Few people know that a quarter of patients needing ventilators to treat Covid-19 also need artificial kidneys to support their renal function. But are there enough to go around?
We were short of ICU beds. We were short of ventilators. We were short of PPE and testing equipment. And now we could face another shortage – kidney dialysis machines.
Nephrology consultant Graham Lipkin, president of the Renal Association, told the British Medical Journal the problem was an “under-recognised challenge”.
He said: “It has become apparent that there is a high incidence of acute kidney injury requiring some form of renal replacement therapy through dialysis. With the volume of people coming into intensive care, there are increasing challenges to capacity.”
Mr Lipkin explained that Covid-19 patients may develop acute kidney injury for several reasons.
“When patients with Covid-19 arrive at hospital, they are often dehydrated because of prolonged fever and because they have not been eating or drinking as normal,” he said.
“There does appear to be a direct viral invasion of the kidney. Severe Covid-19 is associated with a ‘cytokine storm’ and, during all this inflammation, the kidneys fall victim.”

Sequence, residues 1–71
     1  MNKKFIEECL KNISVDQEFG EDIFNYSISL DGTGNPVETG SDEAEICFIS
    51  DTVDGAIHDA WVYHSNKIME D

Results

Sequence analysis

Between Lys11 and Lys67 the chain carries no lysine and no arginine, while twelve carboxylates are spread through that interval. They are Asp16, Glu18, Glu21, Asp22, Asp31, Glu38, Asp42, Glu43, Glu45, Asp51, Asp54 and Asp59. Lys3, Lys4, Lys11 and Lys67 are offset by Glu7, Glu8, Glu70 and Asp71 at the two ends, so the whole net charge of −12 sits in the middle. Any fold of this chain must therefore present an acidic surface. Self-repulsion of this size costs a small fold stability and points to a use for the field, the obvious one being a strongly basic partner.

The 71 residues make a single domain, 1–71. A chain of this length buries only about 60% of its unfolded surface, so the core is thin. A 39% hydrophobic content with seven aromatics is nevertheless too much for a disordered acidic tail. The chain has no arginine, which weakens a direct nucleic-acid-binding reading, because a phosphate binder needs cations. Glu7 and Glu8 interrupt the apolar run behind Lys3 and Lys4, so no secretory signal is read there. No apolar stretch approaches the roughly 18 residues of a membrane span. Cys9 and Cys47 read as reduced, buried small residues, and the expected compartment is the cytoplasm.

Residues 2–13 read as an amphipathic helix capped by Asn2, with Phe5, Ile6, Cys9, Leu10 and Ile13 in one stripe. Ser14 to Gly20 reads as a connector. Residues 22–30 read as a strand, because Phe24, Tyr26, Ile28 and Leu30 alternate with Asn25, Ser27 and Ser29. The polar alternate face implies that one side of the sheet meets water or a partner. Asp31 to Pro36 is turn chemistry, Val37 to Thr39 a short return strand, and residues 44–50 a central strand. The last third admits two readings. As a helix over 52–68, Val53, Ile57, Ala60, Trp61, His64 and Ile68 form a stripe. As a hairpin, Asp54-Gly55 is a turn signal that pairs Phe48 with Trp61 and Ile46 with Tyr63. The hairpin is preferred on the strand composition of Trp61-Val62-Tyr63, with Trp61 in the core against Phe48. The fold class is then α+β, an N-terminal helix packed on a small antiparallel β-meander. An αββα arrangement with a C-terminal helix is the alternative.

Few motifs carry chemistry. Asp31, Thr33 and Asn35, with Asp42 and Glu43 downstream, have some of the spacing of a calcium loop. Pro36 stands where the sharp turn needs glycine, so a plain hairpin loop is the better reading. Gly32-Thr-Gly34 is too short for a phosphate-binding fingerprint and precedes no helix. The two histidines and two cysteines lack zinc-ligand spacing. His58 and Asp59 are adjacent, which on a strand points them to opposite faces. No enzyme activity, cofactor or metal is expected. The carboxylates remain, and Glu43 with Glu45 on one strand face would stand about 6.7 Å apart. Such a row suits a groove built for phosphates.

At the onset of the pandemic, he said there was a “well-founded direction to keep patients on the dry side to try to sustain lung function because patients were dying of viral pneumonia”.
However, we know now this strategy increases the risk of kidney injury and is also unlikely to improve survival. Instead, “keeping patients optimally hydrated reduces the risk of acute kidney injury without worsening chest function”, Mr Lipkin said.
Patients in intensive care usually receive dialysis which requires a machine, plastic disposables, the dialyser and filtrate replacement fluid.
“Given the increased demand in the UK, across Europe and particularly in the US, the disposables and the fluid are in short supply,” Lipkin warned. “We started getting concerned weeks ago, when the true incidence of acute kidney injury started to be apparent”.
He said kidney units are helping intensive care units with dialysis and innovative solutions wherever possible, but they still have to keep up normal service to the UK’s 26,000 patients on dialysis.
For patients with acute kidney injury, doctors have to consider not using drugs that may worsen renal function such as nonsteroidal anti-inflammatory drugs like ibuprofen, while adjusting the dose of drugs such as opiates, metformin, antibiotics (such as penicillin and vancomycin), anticoagulants and heart drug digoxin.